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Into The Green and Beyond: Musician Paul Oakley Stovall
by Gregg Shapiro

This article shared 6735 times since Thu May 1, 2003
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**Paul Oakley Stovall and his band Into The Green at Lyon's Den Pub (1934 W Irving Park, 773/871-3757) May 1

Actor, singer and songwriter Paul Oakley Stovall also has some athletic history. He played basketball in high school, but he gave it up to pursue the stage. An artistic associate with the renowned About Face Theater company, Stovall recently had a promising audition for John Cameron Mitchell's new film. Into The Green, a band that he formed with collaborator Steven Goers, may soon be heading into the studio to record the follow-up to their 2000 disc Ghettos and Oceans, and you can catch them performing live in early May.

Gregg Shapiro: Please begin by telling me something about your background.

Paul Oakley Stovall: I grew up in Chicago on the South Side, around 92nd and Ashland. Around the fourth grade we moved to the south suburbs, as part of that second migration of Blacks from the city out to the suburbs. I went to high school out in the suburbs and then did a year at the University of Illinois-Champaign before I kind of had that forced meeting at the table with my parents—'I'm going to be an artist and if you don't pay for my schooling, in art, oh well.' Being the type of parents they were, they thought, 'OK well, we're sending our kid to college.' So, I won that one.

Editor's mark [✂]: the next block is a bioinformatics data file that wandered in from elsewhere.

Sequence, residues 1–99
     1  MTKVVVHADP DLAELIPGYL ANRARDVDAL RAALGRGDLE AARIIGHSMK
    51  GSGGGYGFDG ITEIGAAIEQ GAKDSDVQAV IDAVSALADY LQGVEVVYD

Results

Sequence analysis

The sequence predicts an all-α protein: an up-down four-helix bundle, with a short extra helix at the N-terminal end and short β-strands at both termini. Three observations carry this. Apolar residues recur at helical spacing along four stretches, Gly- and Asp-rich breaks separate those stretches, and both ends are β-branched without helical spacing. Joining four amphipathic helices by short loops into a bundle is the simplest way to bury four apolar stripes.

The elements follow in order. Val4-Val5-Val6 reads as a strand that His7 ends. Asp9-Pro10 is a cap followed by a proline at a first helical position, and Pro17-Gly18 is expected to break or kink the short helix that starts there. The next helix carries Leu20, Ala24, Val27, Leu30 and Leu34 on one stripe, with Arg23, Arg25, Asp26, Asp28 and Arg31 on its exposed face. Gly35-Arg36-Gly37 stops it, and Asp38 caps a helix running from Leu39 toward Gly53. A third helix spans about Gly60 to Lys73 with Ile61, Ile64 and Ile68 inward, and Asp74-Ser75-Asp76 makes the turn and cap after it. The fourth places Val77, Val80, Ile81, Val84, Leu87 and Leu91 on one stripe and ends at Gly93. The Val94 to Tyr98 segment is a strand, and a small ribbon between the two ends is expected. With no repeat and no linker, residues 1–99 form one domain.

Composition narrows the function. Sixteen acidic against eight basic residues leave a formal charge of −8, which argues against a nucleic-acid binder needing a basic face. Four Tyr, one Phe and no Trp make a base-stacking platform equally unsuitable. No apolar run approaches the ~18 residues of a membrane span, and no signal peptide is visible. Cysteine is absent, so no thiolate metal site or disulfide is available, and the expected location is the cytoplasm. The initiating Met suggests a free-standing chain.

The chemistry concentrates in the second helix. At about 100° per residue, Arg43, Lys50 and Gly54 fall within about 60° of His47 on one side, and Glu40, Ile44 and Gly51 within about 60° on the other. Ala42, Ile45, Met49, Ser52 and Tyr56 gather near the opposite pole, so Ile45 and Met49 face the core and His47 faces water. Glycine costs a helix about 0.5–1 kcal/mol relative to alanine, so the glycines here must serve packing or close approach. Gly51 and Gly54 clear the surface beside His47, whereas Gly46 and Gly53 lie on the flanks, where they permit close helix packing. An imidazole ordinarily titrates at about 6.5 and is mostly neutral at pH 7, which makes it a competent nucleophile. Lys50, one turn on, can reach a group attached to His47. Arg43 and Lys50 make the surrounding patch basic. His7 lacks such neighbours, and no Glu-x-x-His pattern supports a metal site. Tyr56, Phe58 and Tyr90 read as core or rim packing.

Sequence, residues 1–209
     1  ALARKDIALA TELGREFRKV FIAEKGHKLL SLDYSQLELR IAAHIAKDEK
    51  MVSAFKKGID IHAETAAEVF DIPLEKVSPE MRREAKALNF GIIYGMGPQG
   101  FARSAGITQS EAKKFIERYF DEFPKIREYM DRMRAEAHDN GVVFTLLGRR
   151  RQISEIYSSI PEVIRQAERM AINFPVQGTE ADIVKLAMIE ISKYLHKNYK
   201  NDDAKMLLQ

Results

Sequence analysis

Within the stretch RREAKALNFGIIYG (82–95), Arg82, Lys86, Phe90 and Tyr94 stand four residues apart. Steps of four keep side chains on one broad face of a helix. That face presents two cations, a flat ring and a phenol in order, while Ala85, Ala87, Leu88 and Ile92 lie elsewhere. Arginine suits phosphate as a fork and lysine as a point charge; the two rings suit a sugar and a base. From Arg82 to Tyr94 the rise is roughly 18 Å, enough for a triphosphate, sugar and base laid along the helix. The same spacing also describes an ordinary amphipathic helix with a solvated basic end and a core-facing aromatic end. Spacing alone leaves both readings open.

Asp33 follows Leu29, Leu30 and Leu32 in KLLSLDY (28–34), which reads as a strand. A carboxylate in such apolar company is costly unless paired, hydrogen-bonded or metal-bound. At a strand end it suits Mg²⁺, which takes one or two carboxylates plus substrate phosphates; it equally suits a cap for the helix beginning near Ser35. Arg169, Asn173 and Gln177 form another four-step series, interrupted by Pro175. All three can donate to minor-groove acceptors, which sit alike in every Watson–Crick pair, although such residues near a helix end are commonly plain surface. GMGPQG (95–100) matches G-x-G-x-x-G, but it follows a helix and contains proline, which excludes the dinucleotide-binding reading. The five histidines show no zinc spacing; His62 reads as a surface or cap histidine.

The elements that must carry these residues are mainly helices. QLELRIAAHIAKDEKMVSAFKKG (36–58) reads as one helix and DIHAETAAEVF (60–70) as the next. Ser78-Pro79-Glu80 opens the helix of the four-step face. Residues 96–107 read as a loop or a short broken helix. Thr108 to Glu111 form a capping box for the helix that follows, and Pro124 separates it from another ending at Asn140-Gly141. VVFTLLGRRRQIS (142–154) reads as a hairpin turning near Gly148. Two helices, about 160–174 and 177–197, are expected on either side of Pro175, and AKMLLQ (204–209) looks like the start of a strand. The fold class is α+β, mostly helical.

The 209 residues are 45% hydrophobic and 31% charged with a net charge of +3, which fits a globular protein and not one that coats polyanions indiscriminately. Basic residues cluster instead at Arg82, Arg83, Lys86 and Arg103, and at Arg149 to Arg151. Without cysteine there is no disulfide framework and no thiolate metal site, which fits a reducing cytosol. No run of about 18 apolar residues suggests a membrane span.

GS: So you got to study what you wanted to in college.

POS: I got to study acting at DePaul University. It would be far more embarrassing for them to have me not be in college. I was willing to say, 'Well, I want to act and sing. As you know, you can just go do that. So, you could either have me on the street doing it or with a degree where I could teach and do other things.' So, they gave in.

GS: When did you first realize you could sing and you wanted to pursue singing as a career?

POS: That's a good question because I was singing with my mom from age two, three or, whatever, but I realized I could sing in school. I think that the time you get the validation from this (claps hands), how other people respond to you and that's when you know. It was fifth grade, Oliver Twist. If you can't sing, you have to stand in the back and when I got pointed at and pulled forward, that's it.

GS: Did you do theater in high school, too?

POS: In high school I was a jock too. I did sports, but I was trying to work it out to do both and again, that moment came, that talk with my dad in the car when he was picking me up from basketball where I said, 'I just quit the team today because I can't do the winter play and the basketball team.' He couldn't get with that one (laughs).

GS: The first time I heard you sing was in cin salach's theater piece Undone.

POS: I have to go back to Eric (Rosen), cin, and Andre Pleuss, and Ben Sussman. With anyone else it would've been probably taken over by the producers at some point and made into something commercial. But with Eric, his conception of it was firm yet malleable, so we all got to put our five cents in. We were in rehearsal when Sept. 11 happened, it just infused us, it became part of us and Eric and I both had our birthdays right around there. It was just a perfect creative process.

GS: Your play As Much As You Can was featured in About Face Theater's Festival of New Plays. What can you tell me about it?